Well, well, well, look who it is! I'm THRILLED to see Nina Garcia, who's always been one of my favorite parts of the "Runway" universe, back to participate in an "All Stars" challenge. I can hear the Nina haters gasping in horror, but seriously, I think she's fabulous. She struts on to the runway to inform the remaining designersKorto, Seth Aaron, Viktor, Elena, and Christopherthat five of StyleHaul's top vloggers (with a combined audience of over 6 million people, no big deal) will be flown in to act as the inspiration and models for our designers' looks this week. The looks have to incorporate the 2014 Pantone Color of the Year (a dusty pink-ish purple called Radiant Orchid) and should be indicative of what the designers think will be a top fashion trend next year.
The gang pairs up with their vloggers (all of whom are bubbly, excited, and game for anything. No divas! What a relief) for consultations, and then the work begins. Viktor flounders a bit with incorporating his personal aesthetic into his garment and Elena struggles to fit her work on a super petite model. Meanwhile, Christopher rebels against including the Pantone color in his design, opting instead for an Army green shade, relegating the Pantone color to an accessory.
Our guest judges are Nina (sitting in for Georgina), most revered "Runway" alum Christian Siriano, and designer Francisco Costa.
Korto - A sleek white pantsuit with foldover detailing on the vest that shows off a pop of the Pantone color underneath. Korto explains that she chose white to get away from the "color on crack" trends of the past few seasons. The panel rags on the choice of accessories, but the vest gets very war praise from everyone, and Francisco is very appreciative of Korto's decision to make pants in a challenge in which everyone else made skirts. Korto's our winner.
Seth Aaron - A very Elena-like black belted sheath dress with leather shoulder accents and seamed Radiant Orchid color-blocking. "It's not a lasting image," Isaac says. "What's the trend?" Francisco asks. Consensus: well made, confidently worn, but nothing new. Still, Seth Aaron is safe.
Elena - A super-structured geometric pink/black/white peplum jacket over a tight black miniskirt. This reads a lot more...constricting, I guess, on the runway than it did in the workroom, and Christian and Nina both comment on the strictness of the shape of the coat. But Elena's work with texture is praised, especially by Nina, who didn't see much of that from the designer during her original season. Elena's safe.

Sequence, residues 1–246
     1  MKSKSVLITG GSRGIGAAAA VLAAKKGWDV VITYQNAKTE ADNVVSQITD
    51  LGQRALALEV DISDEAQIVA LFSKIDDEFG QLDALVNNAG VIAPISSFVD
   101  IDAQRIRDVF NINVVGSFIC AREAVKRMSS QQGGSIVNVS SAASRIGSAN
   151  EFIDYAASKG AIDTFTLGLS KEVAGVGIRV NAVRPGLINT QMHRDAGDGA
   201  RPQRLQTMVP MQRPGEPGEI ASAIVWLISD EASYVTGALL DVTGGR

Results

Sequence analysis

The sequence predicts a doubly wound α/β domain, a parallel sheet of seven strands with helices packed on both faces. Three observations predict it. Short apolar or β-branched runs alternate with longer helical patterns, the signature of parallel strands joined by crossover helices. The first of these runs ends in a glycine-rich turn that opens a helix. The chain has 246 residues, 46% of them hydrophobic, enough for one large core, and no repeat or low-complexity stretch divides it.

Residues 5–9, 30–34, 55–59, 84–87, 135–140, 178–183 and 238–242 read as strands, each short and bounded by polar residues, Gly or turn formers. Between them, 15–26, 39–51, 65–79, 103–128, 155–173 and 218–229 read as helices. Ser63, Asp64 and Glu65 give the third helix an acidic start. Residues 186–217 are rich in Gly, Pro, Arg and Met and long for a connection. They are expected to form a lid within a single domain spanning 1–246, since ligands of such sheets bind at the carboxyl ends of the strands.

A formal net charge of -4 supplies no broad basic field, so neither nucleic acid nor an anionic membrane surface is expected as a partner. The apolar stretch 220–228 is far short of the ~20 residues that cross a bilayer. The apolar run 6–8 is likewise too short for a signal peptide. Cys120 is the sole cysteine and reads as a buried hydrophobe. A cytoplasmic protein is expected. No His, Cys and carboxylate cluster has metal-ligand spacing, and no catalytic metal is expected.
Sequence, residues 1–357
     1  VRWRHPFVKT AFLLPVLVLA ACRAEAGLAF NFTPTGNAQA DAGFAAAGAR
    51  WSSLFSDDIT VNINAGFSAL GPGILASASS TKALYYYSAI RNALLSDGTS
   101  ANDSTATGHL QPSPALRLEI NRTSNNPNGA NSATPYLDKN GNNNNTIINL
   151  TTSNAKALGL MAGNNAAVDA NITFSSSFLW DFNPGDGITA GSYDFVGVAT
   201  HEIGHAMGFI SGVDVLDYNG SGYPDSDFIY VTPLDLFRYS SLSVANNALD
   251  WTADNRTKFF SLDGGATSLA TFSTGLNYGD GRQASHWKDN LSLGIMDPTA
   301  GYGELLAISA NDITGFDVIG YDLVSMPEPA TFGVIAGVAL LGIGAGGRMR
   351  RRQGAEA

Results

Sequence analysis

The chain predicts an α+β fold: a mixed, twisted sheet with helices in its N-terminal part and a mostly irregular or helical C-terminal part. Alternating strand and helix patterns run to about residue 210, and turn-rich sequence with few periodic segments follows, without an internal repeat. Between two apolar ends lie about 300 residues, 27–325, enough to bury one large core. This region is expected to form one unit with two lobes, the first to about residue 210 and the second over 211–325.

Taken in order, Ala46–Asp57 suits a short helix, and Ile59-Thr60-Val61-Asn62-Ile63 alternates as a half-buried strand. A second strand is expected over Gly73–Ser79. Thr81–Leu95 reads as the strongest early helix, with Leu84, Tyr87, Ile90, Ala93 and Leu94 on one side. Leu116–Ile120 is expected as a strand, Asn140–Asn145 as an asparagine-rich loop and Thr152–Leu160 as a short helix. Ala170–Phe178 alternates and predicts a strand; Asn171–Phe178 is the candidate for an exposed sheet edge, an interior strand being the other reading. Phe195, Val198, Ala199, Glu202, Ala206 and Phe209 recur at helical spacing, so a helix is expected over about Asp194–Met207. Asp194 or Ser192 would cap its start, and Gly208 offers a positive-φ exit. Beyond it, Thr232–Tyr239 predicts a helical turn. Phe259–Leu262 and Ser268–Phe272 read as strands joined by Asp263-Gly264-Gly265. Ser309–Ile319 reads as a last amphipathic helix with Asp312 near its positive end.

Christopher - A moss green lacey belted trench dress that Christopher calls "new vintage Paris soft military," a wordy description that actually does help clarify the whole look, to me and to Isaac. Nina and Christopher side-eye each other over the lace's debated resemblance to seaweed. Alyssa's offended (and I can't blame her) that Christopher's only effort to incorporate the Pantone color was by adding it as a clutch. He's in the bottom...but he's safe.
Viktor - A white leather jacket over a strapless black dress; the black fabric is torn and shredded a bit to reveal the Pantone color layered underneath. For Nina and Isaac, the jacket muddles the proportions of the whole look, but the panel likes the fabric technique on the dress. Unfortunately, that's not enough to keep him around: Viktor is out.
I'm not sure how to feel about the judging this week. For all of the flaws of Viktor's look, it was still more visually interesting and forward-thinking to me than Seth Aaron's dress. But I'm also much more curious to see Seth Aaron's final collection than Viktor's, and as we hurtle toward the season finale, that has to be a consideration beyond what the designers offer up in each challenge. Seth Aaron could very well be eliminated before he gets there, but I wonder if that was on the judges' minds at all this week.
What do you think? Did you buy Christopher's elaborate explanation for his garment? Who do you think best incorporated the Pantone color? Was Viktor's elimination warranted? Let me know in the comments.
After last week’s Christmas extravaganza, we’re back to more traditional challenges. But first we get to take a breather as the designers chill at the apartments. Ivy’s bummed about Casanova’s departureunderstandably, given their real-world work partnership and obvious friendshipbut there’s no time for tears! We have to time-hop back to the Roaring '20s!
So let’s talk '20s. That decade of pre-Depression decadence (the alliteration was unintentional but I’m keeping it) was, as Carolyn points out, the beginning of a new era for women's fashion. The designers’ challenge: Create a look for a modern woman inspired by the 1920s. They draw cards to determine what event their imaginary ladies will be attending. Because there are only three events, Carolyn notes that the pairs of designers will be scored against each other first to determine who ranks in the top and bottom for the challenge. This additional level of personal competition ups the stakes a bit, which is important at this stage of the competition.
Busy time! Emilio and Joshua gravitate toward the same materials at Mood, Ivy and Anthony Ryan compete for space in the workroom, Uli and Laura Kathleen clash regarding trims and feathers. (Laura Kathleen even goes so far as to throw down a not-so-subtle dig at embellishment-lovin' Uli: "I don’t need feathers to compensate for my design." If the other designers have a snappy retort, they keep it to themselves. Laura Kathleen: 1, Everyone Else: 0.)